Program instructions may be stored in the ROM 318 and/or the RAM 320. Optionally, program instructions may be stored on a computer readable medium such as a floppy disk or a digital disk or other recording medium, a communications signal or a carrier wave.
An optional display interface 322 may permit information from the bus 328 to be displayed on the display 324 in audio, graphic or alphanumeric format. Communication with external devices may optionally occur using various communication ports 326. An exemplary communication port 326 may be attached to a communications network, such as the Internet or an intranet.
In addition to the standard computer-type components, the hardware may also include an interface 312 which allows for receipt of data from input devices such as a keyboard 314 or other input device 316 such as a remote control, pointer and/or joystick. A display including touch-screen capability may also be an input device 316. An exemplary touch-screen display is disclosed in U.S. Pat. No. 4,821,029 to Logan et al., which is incorporated herein by reference in its entirety.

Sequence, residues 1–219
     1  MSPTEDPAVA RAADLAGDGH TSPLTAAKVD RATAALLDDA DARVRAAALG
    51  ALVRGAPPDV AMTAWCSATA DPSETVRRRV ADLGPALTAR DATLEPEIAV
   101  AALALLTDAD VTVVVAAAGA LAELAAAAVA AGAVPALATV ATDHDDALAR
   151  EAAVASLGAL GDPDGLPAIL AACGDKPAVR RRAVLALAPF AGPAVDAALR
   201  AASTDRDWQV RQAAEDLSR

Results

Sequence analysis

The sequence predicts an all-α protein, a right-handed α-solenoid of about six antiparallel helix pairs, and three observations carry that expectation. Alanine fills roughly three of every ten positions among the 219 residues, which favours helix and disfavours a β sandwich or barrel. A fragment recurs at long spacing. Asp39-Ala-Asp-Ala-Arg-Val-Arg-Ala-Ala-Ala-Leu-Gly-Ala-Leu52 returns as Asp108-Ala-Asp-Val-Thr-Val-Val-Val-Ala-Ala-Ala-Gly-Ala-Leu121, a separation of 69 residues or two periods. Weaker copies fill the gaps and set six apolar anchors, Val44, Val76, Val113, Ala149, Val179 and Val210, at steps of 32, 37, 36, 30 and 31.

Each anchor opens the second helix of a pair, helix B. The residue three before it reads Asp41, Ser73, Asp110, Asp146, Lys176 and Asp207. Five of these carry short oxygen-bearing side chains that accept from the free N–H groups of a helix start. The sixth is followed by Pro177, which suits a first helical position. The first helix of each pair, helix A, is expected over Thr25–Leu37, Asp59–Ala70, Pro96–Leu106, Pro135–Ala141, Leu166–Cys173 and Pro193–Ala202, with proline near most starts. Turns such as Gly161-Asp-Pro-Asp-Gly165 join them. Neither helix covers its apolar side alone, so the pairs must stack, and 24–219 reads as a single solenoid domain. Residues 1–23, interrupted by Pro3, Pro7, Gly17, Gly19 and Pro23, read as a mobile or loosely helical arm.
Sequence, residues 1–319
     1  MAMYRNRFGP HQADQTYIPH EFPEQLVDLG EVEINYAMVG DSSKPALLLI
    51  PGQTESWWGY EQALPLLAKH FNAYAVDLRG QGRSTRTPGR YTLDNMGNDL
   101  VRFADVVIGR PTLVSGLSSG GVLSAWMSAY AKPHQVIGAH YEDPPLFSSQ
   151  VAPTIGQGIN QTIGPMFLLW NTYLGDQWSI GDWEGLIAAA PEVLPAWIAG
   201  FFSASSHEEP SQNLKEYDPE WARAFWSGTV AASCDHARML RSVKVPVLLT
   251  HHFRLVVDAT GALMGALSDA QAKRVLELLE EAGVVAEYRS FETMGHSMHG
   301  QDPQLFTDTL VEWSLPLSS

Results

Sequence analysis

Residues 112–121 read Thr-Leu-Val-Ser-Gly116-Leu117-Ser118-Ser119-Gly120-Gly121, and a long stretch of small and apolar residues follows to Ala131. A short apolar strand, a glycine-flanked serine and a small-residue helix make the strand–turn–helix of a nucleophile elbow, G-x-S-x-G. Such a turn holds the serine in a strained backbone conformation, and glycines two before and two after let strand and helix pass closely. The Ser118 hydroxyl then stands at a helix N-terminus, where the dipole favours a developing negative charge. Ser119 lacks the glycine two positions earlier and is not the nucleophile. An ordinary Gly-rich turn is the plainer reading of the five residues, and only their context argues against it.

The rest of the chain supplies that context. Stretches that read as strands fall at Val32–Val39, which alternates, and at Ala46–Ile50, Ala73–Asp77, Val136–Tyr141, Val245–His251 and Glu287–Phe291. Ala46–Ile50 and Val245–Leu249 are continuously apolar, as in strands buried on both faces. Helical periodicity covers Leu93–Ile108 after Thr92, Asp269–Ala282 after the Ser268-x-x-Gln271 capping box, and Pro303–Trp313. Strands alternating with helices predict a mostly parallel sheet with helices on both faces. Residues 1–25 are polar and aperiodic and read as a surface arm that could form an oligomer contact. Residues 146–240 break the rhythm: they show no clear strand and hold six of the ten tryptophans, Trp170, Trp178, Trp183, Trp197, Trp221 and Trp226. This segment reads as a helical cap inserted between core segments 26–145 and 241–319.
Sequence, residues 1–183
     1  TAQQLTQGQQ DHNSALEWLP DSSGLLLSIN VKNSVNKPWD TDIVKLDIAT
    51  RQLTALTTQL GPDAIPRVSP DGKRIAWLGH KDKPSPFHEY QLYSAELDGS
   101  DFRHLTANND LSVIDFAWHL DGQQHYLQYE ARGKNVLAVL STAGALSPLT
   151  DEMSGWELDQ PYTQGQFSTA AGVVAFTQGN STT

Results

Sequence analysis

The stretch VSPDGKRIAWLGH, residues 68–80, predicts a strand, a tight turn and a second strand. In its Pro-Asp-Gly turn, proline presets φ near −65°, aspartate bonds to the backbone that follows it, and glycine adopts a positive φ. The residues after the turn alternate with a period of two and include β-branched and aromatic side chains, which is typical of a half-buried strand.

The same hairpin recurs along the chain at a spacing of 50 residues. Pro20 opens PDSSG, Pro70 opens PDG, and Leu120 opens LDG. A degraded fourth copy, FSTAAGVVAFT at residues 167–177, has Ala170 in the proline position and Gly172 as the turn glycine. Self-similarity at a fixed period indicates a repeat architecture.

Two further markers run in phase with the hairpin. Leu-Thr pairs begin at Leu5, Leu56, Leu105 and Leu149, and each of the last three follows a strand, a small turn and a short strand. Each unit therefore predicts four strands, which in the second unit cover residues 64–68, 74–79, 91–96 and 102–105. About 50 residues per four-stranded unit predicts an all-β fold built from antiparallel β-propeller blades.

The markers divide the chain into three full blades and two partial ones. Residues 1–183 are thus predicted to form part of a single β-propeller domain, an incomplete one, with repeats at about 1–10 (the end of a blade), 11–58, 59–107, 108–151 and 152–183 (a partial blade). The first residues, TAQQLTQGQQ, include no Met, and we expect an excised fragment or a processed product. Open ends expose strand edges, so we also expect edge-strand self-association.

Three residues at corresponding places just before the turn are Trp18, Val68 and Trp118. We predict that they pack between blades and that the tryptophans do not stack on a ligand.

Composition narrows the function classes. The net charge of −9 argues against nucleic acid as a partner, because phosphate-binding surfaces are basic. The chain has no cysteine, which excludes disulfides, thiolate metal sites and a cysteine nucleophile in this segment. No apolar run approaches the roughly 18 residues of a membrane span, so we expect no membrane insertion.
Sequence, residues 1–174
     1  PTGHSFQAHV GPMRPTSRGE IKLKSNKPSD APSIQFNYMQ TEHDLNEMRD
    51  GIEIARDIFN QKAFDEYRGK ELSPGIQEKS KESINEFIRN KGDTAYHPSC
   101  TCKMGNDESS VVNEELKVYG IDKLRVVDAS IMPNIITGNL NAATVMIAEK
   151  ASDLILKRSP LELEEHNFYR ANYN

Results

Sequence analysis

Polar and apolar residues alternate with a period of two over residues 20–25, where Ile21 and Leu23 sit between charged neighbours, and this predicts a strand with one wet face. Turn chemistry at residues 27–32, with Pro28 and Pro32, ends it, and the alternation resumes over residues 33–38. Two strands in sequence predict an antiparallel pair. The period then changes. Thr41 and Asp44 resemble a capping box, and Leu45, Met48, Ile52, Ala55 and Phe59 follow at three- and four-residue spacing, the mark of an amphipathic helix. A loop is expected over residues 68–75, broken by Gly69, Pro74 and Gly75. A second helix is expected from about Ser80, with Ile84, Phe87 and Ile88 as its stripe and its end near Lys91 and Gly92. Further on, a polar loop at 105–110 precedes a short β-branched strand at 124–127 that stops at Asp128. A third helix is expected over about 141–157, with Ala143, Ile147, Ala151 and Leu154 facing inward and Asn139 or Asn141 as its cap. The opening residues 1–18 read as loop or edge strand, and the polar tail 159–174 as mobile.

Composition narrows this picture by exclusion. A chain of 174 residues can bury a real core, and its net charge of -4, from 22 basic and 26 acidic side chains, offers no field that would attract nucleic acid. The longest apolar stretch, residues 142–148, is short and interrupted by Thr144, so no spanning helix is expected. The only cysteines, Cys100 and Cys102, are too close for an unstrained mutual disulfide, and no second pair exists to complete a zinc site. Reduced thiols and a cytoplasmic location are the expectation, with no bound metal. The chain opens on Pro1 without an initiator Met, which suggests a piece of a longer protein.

An embedded system may optionally be used to perform one, some or all of the operations of the methods described. Likewise, a multiprocessor system may optionally be used to perform one, some or all of the methods described.
It will be appreciated that various of the above-disclosed and other features and functions, or alternatives thereof, may be desirably combined into many other different systems or applications. Also that various presently unforeseen or unanticipated alternatives, modifications, variations or improvements therein may be subsequently made by those skilled in the art which are also intended to be encompassed by the following claims.
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|U.S. Classification||1/1, 707/E17.091, 707/999.101|
|Aug 25, 2005||AS||Assignment|
Owner name: XEROX CORPORATION, CONNECTICUT
Free format text: ASSIGNMENT OF ASSIGNORS INTEREST;ASSIGNOR:MARTIN, NATHANIEL G.;REEL/FRAME:016928/0496
Effective date: 20050824